Toulmin criticizes the relativist elements in Kuhn's thesis, as he points out that the mutually exclusive paradigms provide no ground for comparison; in other words, Kuhn's thesis has made the relativists' error of overemphasizing the "field variant" while ignoring the "field invariant", or commonality shared by all argumentation or scientific paradigms. Toulmin proposes an evolutionary model of conceptual change comparable to Darwin's model of biological evolution. On this reasoning, conceptual change involves innovation and selection.

Innovation accounts for the appearance of conceptual variations, while selection accounts for the survival and perpetuation of the soundest conceptions. Innovation occurs when the professionals of a particular discipline come to view things differently from their predecessors; selection subjects the innovative concepts to a process of debate and inquiry in what Toulmin considers as a "forum of competitions". The soundest concepts will survive the forum of competition as replacements or revisions of the traditional conceptions. From the absolutists' point of view, concepts are either valid or invalid regardless of contexts; from a relativists' perspective, one concept is neither better nor worse than a rival concept from a different cultural context.

From Toulmin's perspective, the evaluation depends on a process of comparison, which determines whether or not one concept will provide improvement to our explanatory power more so than its rival concepts. In Cosmopolis , Toulmin traces the quest for certainty back to Descartes and Hobbes, and lauds Dewey, Wittgenstein, Heidegger and Rorty for abandoning that tradition.

Scholars at the University of Amsterdam in the Netherlands have pioneered a rigorous modern version of dialectic under the name pragma-dialectics. The intuitive idea is to formulate clearcut rules that, if followed, will yield rational discussion and sound conclusions. Frans H. The theory postulates this as an ideal model, and not something one expects to find as an empirical fact. The model can however serve as an important heuristic and critical tool for testing how reality approximates this ideal and point to where discourse goes wrong, that is, when the rules are violated. Any such violation will constitute a fallacy.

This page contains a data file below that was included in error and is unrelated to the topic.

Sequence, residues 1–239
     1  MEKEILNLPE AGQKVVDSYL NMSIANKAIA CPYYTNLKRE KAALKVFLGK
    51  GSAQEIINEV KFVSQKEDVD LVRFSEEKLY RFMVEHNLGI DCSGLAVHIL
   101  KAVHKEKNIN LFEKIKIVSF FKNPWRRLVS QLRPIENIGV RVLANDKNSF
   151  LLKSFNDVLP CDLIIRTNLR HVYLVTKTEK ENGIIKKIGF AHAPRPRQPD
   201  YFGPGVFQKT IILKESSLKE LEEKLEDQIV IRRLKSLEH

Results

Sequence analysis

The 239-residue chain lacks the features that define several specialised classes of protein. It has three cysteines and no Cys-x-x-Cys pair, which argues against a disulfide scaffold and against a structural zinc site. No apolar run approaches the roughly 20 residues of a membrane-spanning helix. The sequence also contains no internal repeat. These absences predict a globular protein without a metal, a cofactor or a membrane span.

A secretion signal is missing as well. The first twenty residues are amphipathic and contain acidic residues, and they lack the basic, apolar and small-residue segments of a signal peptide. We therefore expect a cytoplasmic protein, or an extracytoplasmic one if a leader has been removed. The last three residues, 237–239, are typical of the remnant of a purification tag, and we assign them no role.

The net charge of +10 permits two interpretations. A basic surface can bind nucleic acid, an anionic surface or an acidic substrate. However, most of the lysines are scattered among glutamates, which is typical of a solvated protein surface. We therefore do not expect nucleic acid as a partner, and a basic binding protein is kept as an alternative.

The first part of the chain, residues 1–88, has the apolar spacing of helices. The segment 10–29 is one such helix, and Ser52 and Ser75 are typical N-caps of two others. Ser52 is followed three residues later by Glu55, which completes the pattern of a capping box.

Albeit not primarily focused on fallacies, pragma-dialectics provides a systematic approach to deal with them in a coherent way. Doug Walton developed a distinctive philosophical theory of logical argumentation built around a set of practical methods to help a user identify, analyze and evaluate arguments in everyday conversational discourse and in more structured areas such as debate, law and scientific fields. The method uses the notion of commitment in dialogue as the fundamental tool for the analysis and evaluation of argumentation rather than the notion of belief.

According to the commitment model, agents interact with each other in a dialogue in which each takes its turn to contribute speech acts. The dialogue framework uses critical questioning as a way of testing plausible explanations and finding weak points in an argument that raise doubt concerning the acceptability of the argument. Walton's logical argumentation model takes a different view of proof and justification from that taken in the dominant epistemology in analytical philosophy, which is based on a justified true belief framework.

On this evidence-based approach, scientific knowledge must be seen as defeasible. Efforts have been made within the field of artificial intelligence to perform and analyze the act of argumentation with computers. Argumentation has been used to provide a proof-theoretic semantics for non-monotonic logic , starting with the influential work of Dung Computational argumentation systems have found particular application in domains where formal logic and classical decision theory are unable to capture the richness of reasoning, domains such as law and medicine.

In Elements of Argumentation , Philippe Besnard and Anthony Hunter show how classical logic-based techniques can be used to capture key elements of practical argumentation.